The socialist college professor across the table from me quickly became the most outspoken and impassioned about his sureness of the validity of his proposed solutions. He seemed to imply often that anyone on the right who disagreed was foolish and buying into propaganda. He remarked — to a cross look from Beck — that Fox News (Beck’s longtime former employer) was really just an arm of propaganda for the state. Beck chuckled and redirected the conversation back to its original point.
The most moving moment was when Trenton opened up about his struggles. He and I had spent some time before the dinner talking about our shared experience of growing up in South Dallas and swapping locations of our favorite barbecue locations, agreeing that Sweet Georgia Brown's in Oak Cliff is the best bang for the buck while Odom’s in Duncanville has better sauce. The revelation that he had spent the first half of his life as a woman came later in the dinner when Beck asked him to share his story with us.
I was surprised to see tears and looks of genuine sympathy on everyone’s faces. Trenton was optimistic about the fate of transgender people in America but expressed serious concern about the levels of depression and suicide among his community.
For me, the most surprising person of all at the table was Patel. Whenever the leftist college professor made a dismissive quip about the right or fired off the popular tropes of the left about gun violence, Patel was often the first to criticize the narrow-mindedness of his reasoning.
“Those stats aren’t actually completely correct,” he might say after some statistic about gun deaths and gun ownership came up.
Beck, of course, was also quick to counter such statistics with data of his own, but the shocking thing was watching Patel be willing to remove his political bias and admit errors of leftist reasoning. He talked at length about his experiences working for liberal media outlets and the pressure to conform language in programming to fit politically correct standards to the point of interfering with decent journalism. He discussed his fears about attacks on free speech from the left and how the obsession with identity politics was dividing people rather than bringing them together.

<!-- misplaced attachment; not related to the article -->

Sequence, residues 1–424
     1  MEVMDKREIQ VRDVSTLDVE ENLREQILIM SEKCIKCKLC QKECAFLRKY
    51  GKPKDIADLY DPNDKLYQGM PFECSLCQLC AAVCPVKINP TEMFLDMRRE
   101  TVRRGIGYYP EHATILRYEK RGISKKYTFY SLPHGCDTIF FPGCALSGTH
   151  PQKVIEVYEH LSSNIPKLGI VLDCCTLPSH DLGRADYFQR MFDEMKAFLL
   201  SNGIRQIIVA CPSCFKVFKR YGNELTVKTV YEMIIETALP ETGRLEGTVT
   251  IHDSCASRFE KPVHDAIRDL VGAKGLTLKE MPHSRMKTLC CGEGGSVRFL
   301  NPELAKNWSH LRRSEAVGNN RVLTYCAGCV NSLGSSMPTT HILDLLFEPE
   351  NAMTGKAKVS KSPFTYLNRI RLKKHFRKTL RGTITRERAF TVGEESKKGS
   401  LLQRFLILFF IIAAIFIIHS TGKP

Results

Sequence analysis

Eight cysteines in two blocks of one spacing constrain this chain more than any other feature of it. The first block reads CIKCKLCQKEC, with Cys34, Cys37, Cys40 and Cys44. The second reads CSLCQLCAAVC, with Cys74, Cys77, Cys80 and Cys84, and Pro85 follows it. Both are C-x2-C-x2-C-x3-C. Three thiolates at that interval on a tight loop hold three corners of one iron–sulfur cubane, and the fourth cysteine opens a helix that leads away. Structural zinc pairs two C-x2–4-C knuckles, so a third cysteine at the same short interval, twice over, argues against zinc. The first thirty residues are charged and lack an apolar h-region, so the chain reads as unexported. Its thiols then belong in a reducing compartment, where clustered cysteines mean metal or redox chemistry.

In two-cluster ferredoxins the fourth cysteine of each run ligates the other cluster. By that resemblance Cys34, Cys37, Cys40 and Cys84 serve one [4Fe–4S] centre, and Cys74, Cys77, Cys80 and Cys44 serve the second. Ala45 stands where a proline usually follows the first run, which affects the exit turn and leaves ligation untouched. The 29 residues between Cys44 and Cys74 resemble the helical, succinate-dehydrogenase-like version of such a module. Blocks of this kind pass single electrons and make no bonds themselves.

In the midst of this intellectual tempest, I did my best to get a word in without dominating the conversation, but my shining moment for the evening came when the socialist professor’s solution to the world’s problems was the new and utopian “market socialism,” which blends the best parts of capitalism with socialism. Here was my chance! I rattled off the history of socialism in America and the world, the many forms it had taken, including market socialism, and the many ways it had failed.
Fascism in its original form was supposed to be that “balance” between the market and the socialist egalitarianism the professor claimed was the solution to the world’s ills. Beck looked at me with a knowing smile of pride, like he were my distant uncle watching his nephew score a touchdown.
After the main course, Beck’s favorite homemade apple pie was served. Beck watched with a sharp eye as the pie plate made its way around the table, and when it came back to him he said, “Did everyone get enough pie? Good, the rest is mine!” He ate large mouthfuls of pie straight from the pie plate and smiled like a young kid at Thanksgiving. Patel laughed loudly.
When the dinner concluded, Beck thanked us all with warm embraces and apologized for not being able to stay and talk — he had a flight leaving in two hours.
Patel stuck around talking to all of us, and everyone paired off to chat. I tackled the socialist college professor in a bear hug and told him he was wrong about everything but that I still liked him anyway. He laughed warmly and said that he liked me, too.
As everyone cleared out, DeDe, her husband and I snuck around the studio, seeing what rooms were open and admiring Beck’s collection of historical relics. One of Beck’s assistants spotted us, laughed and asked, “Would you guys like the tour?”
DeDe smiled and said, “Hell yeah, we would.”
Glenn Beck is a really nice guy, and that warmth permeates his staff and the entire building.